Military service is tough on the body. The U.S. Army, in fact, has lost 4.1 million days of productivity this year alone to limited duty related to injuries, 70 percent of which were characterized as musculoskeletal, or MSK, trauma.
So it comes as no surprise that the service wants to determine who is at risk for such injuries and how they can be prevented. What is unusual, though, is that Army researchers are not looking at traditional predictors of MSK workplace injuries like repetitive motion, weight, posture and weight-bearing loads, but at run times.
Run times? You bet. According to Dr. Bruce Jones, a senior Army Public Health Command physician, and Todd Hoover, operations division chief for the Army Wellness Center, males who can’t run 2 miles in less than 15 minutes and women whose 2-mile runs take longer than 18 minutes are at greatest risk for MSK injuries.
Add other factors, such as smoking, being below or above Army weight standards, or not getting enough sleep, and the risk climbs.
“The point is, this is preventable, so we can actually, through some targeted, precision programs, focus on soldiers who meet this risk criteria, refer them to Army Wellness Centers and then ... coach their behaviors to improve their performance and decrease the risk factors,” Hoover told reporters during a briefing at the Association of the United States Army annual meeting Oct. 16 in Washington.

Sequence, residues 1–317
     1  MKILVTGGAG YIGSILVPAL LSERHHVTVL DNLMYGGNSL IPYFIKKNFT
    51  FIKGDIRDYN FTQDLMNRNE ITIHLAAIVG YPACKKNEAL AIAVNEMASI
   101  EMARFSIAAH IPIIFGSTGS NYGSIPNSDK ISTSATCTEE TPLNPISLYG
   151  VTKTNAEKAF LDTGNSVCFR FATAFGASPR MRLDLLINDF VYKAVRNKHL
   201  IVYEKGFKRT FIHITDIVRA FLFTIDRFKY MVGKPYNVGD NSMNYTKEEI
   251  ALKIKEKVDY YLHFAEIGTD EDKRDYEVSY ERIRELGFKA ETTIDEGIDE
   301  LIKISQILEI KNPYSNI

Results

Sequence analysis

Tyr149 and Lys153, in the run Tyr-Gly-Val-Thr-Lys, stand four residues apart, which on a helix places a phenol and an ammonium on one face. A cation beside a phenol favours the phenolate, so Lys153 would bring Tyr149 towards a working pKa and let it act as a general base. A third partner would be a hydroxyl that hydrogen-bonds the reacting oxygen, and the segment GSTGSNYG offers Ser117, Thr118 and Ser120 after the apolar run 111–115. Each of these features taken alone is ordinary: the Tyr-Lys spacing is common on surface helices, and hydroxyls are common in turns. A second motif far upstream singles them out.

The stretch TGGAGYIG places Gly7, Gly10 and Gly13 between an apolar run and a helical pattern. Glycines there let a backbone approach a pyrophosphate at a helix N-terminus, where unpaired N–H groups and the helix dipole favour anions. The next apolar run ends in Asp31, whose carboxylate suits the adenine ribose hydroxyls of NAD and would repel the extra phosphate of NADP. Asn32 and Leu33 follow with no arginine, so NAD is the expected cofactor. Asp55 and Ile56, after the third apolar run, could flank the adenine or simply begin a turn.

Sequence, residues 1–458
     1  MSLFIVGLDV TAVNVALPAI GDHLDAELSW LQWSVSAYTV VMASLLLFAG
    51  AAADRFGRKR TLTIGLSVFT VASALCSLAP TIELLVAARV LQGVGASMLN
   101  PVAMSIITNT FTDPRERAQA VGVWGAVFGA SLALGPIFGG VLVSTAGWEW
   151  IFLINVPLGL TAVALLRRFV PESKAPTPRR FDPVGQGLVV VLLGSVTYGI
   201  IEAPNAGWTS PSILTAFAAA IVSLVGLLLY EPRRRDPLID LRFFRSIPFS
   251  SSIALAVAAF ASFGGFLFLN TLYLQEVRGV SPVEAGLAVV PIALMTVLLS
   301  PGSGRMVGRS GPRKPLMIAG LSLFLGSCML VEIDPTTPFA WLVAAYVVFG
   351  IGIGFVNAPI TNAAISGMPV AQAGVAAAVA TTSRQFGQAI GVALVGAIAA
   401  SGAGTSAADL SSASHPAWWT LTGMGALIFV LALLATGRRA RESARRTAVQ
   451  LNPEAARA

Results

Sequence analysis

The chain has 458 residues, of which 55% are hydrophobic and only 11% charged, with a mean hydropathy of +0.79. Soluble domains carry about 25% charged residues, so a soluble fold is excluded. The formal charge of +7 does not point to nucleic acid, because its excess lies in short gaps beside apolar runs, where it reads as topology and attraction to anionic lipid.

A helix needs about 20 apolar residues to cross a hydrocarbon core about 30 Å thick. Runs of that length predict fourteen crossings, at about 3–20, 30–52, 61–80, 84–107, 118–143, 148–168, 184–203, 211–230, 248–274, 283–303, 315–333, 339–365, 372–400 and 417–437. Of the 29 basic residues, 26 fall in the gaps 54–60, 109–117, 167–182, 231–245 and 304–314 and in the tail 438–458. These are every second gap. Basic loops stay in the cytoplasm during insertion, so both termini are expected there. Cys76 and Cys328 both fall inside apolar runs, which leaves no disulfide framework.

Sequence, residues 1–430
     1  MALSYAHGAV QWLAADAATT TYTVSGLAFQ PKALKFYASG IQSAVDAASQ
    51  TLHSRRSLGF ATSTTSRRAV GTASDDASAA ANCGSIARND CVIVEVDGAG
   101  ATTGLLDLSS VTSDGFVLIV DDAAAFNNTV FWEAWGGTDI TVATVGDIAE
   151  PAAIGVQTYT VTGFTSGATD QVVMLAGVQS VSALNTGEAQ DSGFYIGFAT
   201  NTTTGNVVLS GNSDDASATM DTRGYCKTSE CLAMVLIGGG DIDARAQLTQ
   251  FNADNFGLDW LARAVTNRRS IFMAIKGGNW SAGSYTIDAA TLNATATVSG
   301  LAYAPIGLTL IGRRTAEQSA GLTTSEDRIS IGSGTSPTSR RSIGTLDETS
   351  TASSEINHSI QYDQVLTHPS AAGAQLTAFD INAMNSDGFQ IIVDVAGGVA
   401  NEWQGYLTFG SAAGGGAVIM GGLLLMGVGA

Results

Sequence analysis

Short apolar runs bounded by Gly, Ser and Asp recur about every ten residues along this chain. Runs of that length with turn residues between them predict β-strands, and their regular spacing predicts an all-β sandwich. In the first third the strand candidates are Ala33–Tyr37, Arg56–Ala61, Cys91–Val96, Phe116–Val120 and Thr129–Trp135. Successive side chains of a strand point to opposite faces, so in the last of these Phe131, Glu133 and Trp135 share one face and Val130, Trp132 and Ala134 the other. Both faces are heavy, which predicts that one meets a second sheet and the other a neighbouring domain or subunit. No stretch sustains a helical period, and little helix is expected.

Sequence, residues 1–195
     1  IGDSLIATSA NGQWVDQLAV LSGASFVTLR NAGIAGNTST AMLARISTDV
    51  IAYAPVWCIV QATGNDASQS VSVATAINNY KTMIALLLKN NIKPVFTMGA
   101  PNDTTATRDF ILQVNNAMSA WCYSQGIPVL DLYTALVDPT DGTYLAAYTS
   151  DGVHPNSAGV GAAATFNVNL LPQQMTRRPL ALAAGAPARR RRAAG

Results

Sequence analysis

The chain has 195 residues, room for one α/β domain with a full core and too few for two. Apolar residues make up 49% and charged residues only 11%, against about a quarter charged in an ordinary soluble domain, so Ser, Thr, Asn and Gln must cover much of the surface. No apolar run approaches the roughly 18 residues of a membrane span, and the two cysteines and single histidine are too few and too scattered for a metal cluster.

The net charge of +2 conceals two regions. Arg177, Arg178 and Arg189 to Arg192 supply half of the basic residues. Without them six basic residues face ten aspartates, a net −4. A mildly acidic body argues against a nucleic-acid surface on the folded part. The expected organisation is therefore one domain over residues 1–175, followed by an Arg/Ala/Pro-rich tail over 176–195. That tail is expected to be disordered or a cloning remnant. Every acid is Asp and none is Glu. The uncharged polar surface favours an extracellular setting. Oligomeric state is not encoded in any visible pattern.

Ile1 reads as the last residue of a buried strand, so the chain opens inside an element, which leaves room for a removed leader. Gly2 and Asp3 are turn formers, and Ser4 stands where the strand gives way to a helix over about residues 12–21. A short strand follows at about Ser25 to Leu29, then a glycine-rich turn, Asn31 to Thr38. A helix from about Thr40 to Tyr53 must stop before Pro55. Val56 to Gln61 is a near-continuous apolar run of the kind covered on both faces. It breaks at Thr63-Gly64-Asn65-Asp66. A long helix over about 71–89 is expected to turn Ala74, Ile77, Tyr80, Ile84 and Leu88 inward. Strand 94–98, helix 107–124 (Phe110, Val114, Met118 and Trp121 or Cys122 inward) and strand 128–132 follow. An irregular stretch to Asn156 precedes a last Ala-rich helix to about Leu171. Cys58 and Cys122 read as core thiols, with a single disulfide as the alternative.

The pressure for soldiers to be physically fit is high: their missions often depend on it and they must meet military physical fitness standards each year, including the new Army Combat Fitness Test, to be rolled out service-wide in fiscal 2020.
The traditional approach to getting soldiers in shape has been to increase their physical training — more miles spent on roads running or marching or increased trips to the gym.
But Jones and Hoover say these approaches usually don’t improve fitness, they only lead to injury.
“The more you do it, the more you get injured,” Jones said. “There are a couple of studies that suggest there are thresholds of training above which injury rates increase but fitness does not … you have to tailor this at the unit level and at the soldier level.”
And here’s where run times come in. Units — and the soldiers themselves — can identify who is at risk for injury if they don’t meet the 15-minute or 18-minute 2-mile run time criteria. Then, through the Army Wellness Centers, they can develop a plan to increase their aerobic fitness, not by adding more time in the gym, but through high-intensity interval training, HIIT, or other types of training.
“HIIT is a way of getting more fit with fewer footsteps. There's a bigger bang for your buck,” Jones said. “If you’re trying more and you’re not getting more fit, especially if you get injuries, those are the three cardinal signs. There’s a way to back off on training … We are not saying you should do less work, we are saying that it needs to be looked at more objectively and scientifically.”
The service operates 35 Army Wellness Centers worldwide that provide weight management and metabolic testing, exercise testing and prescriptions, stress management and biofeedback, body composition analysis, nutrition education and wellness coaching.